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Why can't I change my ways!

jRoejRoe Posts: 34 Baller
Well it seems, no its for sure that I'm having the same problems each year on the slalom coarse. I'm a note taker and as I review my ski notes its like a review for the same test, which I missed the same question each year. Driving me crazy! My buoy count is around 98, and its been that way for years. I used to blame it on zero off but if I'm honest I need only blame myself. At times my brain makes my muscles perform as required to improve on body position and line control, tempo etc....and I feel like I'm getting better only to fall back to my old habits. I have had pro coaching at many levels (lots of time) and it must not have helped or I would be improving.So, as the weather starts to warm up in my area I will mount my slalom game plan and start another year of hacking... Or maybe someone out there can give me some help.... hopeful Jroe


  • gregygregy Posts: 2,583 Mega Baller
    Post up some videos, there are some really knowledgeable people here.

    I'm going to planing some professional coaching this year and step up the video efforts for better personal assessment.
  • dislanddisland Posts: 1,381 Mega Baller
    Maybe it has to do with how you train. Do you go to the lake chase bouys running up the line and wonder why nothing changes. One option is to go to the lake and run easy passes working on one skill at a time and get that solid before working on the next skill. This is how learning is done.
    Dave Island- Princeton Lakes
  • Skoot1123Skoot1123 Posts: 1,844 Mega Baller
    Slow the boat down and work on learning the correct muscle memory. Slowing the boat down will give you time to learn the proper/better form while still giving you satisfaction of going through the course. Repeat, repeat and repeat until you have it nailed. Then speed the boat up a little bit and do it again. It will take time but well worth the results. Just my two cents. Also listen to @tfin !!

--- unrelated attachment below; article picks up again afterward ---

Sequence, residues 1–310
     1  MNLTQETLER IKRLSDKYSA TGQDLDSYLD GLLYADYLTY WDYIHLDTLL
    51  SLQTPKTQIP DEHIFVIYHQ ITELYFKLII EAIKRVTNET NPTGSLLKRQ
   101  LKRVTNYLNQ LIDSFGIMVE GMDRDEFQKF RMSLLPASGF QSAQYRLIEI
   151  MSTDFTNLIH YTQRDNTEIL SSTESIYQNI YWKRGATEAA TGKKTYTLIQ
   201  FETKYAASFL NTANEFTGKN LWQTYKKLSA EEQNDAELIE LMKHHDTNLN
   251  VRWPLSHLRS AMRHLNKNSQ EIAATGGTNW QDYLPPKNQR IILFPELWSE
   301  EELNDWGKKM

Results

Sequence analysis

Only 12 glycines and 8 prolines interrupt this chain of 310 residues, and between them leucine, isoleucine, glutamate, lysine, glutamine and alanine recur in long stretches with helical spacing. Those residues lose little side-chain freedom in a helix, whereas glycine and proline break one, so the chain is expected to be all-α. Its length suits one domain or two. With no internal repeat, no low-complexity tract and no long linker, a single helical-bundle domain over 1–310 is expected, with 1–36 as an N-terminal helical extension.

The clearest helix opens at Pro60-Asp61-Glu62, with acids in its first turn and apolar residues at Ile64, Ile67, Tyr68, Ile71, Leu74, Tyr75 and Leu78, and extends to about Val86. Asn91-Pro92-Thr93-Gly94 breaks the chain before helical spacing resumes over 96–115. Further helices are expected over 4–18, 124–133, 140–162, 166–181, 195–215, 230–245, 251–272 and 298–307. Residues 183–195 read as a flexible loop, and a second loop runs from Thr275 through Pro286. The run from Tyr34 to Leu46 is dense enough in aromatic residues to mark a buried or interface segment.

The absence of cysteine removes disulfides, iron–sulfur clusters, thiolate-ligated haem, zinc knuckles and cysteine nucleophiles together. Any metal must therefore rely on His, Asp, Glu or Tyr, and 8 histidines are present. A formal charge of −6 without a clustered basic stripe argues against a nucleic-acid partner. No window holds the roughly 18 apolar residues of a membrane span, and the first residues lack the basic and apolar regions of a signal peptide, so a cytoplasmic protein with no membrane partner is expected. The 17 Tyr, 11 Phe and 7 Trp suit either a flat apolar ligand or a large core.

• SkiJaySkiJay Posts: 2,314 Mega Baller
    @jRoe In the "you have to try something different to get something different" department. Try starting each set this spring with a couple of passes devoted to drills. Seth Stisher is a pretty advanced skier, and I've seen him do whips and pullouts for the first few passes each day he skied. ... Your ski should be your dance partner, not a wrestling opponent
  • 6balls6balls Posts: 5,327 ★★★Triple Panda Award Recipient ★★★
    Different coach, different ski partners, different ski, ski set-up etc. Try not to think have to eliminate habits entirely as some are pretty hard wired into your style and won't just go away in one swoop. Modify on the theme to get incrementally better.
    Dave Ross--die cancer die
  • Steven_HainesSteven_Haines Posts: 1,045 ★★★Triple Panda Award Recipient ★★★
    Quit skiing for a couple years and only read BOS to retrain your brain to only make the correct movements to efficiently run the course. Kind of like slow painful hypnosis!
  • A_BA_B Posts: 4,228 Mega Baller
    The best thing is to ski with someone better than you and who doesn't have any ego issues if you improve, or with someone who is a skiing geek (soemone who reads articles and watches video to know how it should look) and will offer good honest criticism. Also head south and ski with a pro. They can be brutually honest and set you on the right path.